Bursting onto the scene with a variety of colors, textures, sizes, and lifespans, ornamental grasses are a popular plant for any landscape and any season.
Most ornamental grasses are perennials and have growth habits that are either clumping or spreading. The Clemson Cooperative Extension says that spreading grasses expand rapidly by aboveground or underground stems, and care must be taken in planting spreading grasses, as they may overtake desirable plantings. Bunch or clumping grasses grow in a clump that will gradually decrease in diameter.
There are some ornamental grasses that can survive throughout autumn and winter and come back in full force in the spring and summer times, but pruning ornamental grasses can sometimes be confusing when it comes to deciding what method should be used and when it should take place. Check out a few tips we’ve laid out to help you know when your customer’s ornamental grasses need to be pruned and divided.
For more details on identifying and handling specific types of ornamental grasses, click here.
For recommendations on ornamental grasses that are sure to bring some life into your customer’s yard this season, click here.
Each grass type will require its own specific type of care, and according to the University of Minnesota Extension, the best times to cut back these grasses are in early spring or late winter. Usually, their appeal during winter is low, and stems are likely to get pushed down with impending snowfall.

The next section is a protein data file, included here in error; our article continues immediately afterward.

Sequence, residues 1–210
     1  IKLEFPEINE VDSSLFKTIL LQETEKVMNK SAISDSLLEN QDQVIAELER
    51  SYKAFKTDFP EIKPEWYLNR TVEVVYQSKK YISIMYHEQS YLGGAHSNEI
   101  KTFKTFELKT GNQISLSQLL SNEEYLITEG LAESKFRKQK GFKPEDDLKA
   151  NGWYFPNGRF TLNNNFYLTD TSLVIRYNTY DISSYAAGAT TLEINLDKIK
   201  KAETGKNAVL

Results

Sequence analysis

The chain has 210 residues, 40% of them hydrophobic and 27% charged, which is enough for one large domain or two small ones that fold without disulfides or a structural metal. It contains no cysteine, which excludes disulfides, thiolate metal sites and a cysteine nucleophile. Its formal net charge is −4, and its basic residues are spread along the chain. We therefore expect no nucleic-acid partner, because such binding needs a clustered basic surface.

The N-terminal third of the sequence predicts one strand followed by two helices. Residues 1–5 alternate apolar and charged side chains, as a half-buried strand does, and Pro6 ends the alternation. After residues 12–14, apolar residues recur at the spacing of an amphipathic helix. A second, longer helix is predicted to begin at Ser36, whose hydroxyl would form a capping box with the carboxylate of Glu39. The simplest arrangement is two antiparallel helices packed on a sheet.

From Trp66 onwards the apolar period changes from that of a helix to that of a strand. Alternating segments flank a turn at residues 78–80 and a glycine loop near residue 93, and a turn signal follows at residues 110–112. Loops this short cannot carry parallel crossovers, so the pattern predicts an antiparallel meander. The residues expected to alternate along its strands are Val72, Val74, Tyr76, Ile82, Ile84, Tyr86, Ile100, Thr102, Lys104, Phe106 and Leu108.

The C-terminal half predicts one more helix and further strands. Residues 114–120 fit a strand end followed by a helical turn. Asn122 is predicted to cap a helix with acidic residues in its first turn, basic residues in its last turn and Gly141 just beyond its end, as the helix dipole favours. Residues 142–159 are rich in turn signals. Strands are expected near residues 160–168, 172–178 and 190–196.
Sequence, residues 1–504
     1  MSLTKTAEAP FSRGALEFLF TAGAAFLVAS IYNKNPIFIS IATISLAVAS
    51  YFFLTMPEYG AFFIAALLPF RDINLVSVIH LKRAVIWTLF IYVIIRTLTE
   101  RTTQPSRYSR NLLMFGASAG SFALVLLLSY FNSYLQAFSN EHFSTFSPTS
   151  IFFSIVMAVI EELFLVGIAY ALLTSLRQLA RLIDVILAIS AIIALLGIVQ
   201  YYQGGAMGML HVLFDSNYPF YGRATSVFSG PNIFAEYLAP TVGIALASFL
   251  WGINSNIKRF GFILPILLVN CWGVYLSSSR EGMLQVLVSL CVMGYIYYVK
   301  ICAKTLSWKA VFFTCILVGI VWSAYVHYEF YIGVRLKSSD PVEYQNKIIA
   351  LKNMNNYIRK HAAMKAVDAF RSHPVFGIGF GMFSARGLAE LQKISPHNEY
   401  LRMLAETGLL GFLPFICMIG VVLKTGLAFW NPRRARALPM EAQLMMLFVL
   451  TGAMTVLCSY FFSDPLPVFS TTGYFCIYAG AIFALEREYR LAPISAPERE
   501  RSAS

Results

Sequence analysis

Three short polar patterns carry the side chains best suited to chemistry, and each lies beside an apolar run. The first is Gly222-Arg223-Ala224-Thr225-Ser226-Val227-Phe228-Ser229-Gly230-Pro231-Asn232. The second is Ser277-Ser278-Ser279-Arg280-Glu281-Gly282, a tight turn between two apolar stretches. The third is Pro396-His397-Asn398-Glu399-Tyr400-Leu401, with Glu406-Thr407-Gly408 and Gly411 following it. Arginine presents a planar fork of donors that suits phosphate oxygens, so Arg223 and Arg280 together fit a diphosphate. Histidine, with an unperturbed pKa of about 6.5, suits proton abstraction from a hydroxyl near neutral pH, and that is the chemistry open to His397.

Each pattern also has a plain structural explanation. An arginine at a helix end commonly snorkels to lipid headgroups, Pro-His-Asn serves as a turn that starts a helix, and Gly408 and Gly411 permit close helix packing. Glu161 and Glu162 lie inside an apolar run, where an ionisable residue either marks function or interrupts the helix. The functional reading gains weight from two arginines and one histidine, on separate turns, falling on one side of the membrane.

Cutting can be accomplished by using electric hedge trimmers, lawn mowers set to the highest setting, or by hand cutting. Some grasses will die back completely to dormant buds at the plant’s crown, and these grasses cannot be cut off at “too low” of a point.
Warm-season grasses should be cut back as low as tools can reach, as these grasses are slow to become green again in the spring. To make the job easier, many suggest tying the tall, warm-season grasses together before cutting them back.
Cool-season grasses should begin to grow back as soon as temperatures warm up in the spring. Before they green up, the University of Minnesota Extension suggests planting as soon as possible to clean up these grasses.
For more details on how to properly prune a plethora of ornamental grasses, click here.
All ornamental grasses need to be divided when they are actively growing (not while they are flowering), but there are different times for different types. The plants will not establish a good root system if they are dormant when they are transplanted.
For warm-season grasses, generally, they will begin growing in late spring or early summer, and they will have their active growth period during the summer, as warm-season grasses are inclined to bloom in mid to late summer.
During the spring and fall, cool-season grasses are actively growing, which means they can be transplanted at either time of the year. Early spring is recommended as the best time to divide, but if they are divided in the fall, be sure that the freezing/thawing cycles don’t pull the plants out of the ground.
Evergreen grasses don’t go dormant, therefore dividing them would wound them a certain degree. Wounding evergreen grasses would, overall, affect their ability to live throughout the winter.